Having studied philosophy, art history, and art in Leipzig, Dresden, and Munich, Hans Hartung moved to Paris in the late 1920s. He joined the French Foreign Legion and was imprisoned by the Gestapo during World War II, both for serving in a foreign army and for his “degenerate” painting style. In Paris, Hartung met Kandinsky, Mondrian, Miró, and Calder, and exhibited works at the Salon des Surindépendants. After the war, he became associated with the artists Jean Fautrier and Pierre Soulages, who had also adopted a spontaneous and gestural style. Known for his lyrical abstractions and for his involvement in the Art Informel movement, Hartung had a significant impact on American abstract painters during the early 1960s, including Helen Frankenthaler and Sam Francis.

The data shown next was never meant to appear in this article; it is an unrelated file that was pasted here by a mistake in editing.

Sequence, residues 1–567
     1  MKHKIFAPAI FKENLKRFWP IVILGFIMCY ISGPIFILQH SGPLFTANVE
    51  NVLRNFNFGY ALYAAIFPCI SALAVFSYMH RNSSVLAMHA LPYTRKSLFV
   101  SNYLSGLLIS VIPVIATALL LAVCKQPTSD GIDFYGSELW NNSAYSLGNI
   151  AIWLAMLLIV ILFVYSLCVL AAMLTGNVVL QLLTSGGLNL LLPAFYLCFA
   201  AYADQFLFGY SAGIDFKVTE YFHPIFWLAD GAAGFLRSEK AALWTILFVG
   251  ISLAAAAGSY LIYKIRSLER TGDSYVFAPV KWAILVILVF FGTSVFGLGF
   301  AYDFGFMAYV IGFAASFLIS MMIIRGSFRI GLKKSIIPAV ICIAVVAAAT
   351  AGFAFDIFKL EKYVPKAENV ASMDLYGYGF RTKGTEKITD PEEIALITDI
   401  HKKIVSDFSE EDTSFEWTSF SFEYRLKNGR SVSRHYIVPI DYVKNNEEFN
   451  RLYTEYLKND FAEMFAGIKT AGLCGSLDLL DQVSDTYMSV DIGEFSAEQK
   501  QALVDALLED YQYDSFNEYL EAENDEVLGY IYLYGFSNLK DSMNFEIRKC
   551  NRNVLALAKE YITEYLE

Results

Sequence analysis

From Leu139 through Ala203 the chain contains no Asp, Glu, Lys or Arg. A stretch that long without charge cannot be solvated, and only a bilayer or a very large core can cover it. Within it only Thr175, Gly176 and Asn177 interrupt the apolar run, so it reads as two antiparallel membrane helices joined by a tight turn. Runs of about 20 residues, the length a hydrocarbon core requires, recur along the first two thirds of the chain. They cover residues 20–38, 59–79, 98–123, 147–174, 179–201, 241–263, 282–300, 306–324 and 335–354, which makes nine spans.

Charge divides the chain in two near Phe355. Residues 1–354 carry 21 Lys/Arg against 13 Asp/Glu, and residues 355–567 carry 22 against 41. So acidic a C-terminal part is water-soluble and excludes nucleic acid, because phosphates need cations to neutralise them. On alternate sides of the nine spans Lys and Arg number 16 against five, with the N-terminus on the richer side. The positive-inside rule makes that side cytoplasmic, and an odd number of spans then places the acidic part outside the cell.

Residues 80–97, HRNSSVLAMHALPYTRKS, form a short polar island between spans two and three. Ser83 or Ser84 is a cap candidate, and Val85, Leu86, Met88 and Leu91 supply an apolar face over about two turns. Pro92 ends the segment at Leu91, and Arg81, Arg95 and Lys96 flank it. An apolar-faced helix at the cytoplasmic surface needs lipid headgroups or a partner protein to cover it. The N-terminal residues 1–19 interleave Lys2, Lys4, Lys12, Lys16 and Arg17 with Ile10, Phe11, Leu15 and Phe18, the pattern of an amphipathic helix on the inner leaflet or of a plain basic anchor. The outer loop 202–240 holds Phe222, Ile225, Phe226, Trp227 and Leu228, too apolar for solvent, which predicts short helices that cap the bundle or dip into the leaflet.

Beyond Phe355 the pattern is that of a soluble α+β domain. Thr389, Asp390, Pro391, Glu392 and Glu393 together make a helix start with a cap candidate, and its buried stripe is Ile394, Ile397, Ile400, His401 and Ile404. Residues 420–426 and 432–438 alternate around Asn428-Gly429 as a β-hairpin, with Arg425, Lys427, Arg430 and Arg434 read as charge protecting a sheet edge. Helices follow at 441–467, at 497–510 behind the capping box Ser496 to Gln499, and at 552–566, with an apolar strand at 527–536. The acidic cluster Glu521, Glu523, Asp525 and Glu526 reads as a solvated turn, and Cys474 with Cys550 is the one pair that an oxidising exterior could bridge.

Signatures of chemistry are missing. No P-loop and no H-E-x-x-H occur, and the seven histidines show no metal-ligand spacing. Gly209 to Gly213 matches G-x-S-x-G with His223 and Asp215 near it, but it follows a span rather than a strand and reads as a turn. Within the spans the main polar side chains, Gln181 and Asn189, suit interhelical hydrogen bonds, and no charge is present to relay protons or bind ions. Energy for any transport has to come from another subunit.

According to Hartung, “the painting which is called abstract is none of the ‘Isms’ of which there have been so many lately, it is neither a ‘style’ nor an ‘epoch’ in art history, but merely a new means of expression, a different human language – one which is more direct than that of earlier painting.” His abstractions exhibit distinctive swirls, scribbles, and hatch marks made by scratching, erasing, and reapplying pigment. Composition features three black suspended areas of color hovering over a yellowish and gray background. In several locations, calligraphic scratches reveal the bare canvas below, creating a tension between them and the areas of color. The work appears to embody and celebrate a central idea in Hartung’s thought: “The first and most important thing is to remain free, free in each line you undertake, in your ideas and in your political action, in your moral conduct . . . The artist especially must remain free from all outer restraints.”